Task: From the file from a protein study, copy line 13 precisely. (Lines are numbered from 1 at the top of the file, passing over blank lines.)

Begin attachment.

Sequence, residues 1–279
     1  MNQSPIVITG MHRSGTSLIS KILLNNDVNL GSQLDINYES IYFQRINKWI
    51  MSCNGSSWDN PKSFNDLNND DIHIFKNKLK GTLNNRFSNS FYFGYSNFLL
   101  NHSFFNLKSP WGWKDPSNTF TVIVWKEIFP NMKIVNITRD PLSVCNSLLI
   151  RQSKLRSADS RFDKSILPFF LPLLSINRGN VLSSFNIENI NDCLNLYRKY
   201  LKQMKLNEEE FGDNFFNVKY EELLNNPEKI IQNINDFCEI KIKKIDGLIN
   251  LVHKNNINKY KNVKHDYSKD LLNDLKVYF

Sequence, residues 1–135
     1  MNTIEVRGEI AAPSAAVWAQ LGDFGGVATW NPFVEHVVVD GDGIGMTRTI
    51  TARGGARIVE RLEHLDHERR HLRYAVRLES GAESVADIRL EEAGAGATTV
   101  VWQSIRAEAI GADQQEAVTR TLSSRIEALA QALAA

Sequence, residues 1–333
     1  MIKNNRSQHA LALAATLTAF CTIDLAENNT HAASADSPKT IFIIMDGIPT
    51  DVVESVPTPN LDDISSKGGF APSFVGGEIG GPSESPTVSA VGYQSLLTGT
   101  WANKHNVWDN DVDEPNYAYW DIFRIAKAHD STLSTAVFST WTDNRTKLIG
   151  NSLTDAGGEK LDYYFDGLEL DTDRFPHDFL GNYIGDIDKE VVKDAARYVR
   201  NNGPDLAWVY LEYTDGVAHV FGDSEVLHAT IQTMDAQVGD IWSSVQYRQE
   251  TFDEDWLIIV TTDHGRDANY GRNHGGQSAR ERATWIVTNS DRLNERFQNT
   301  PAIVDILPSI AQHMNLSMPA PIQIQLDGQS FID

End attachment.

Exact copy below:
     1  MIKNNRSQHA LALAATLTAF CTIDLAENNT HAASADSPKT IFIIMDGIPT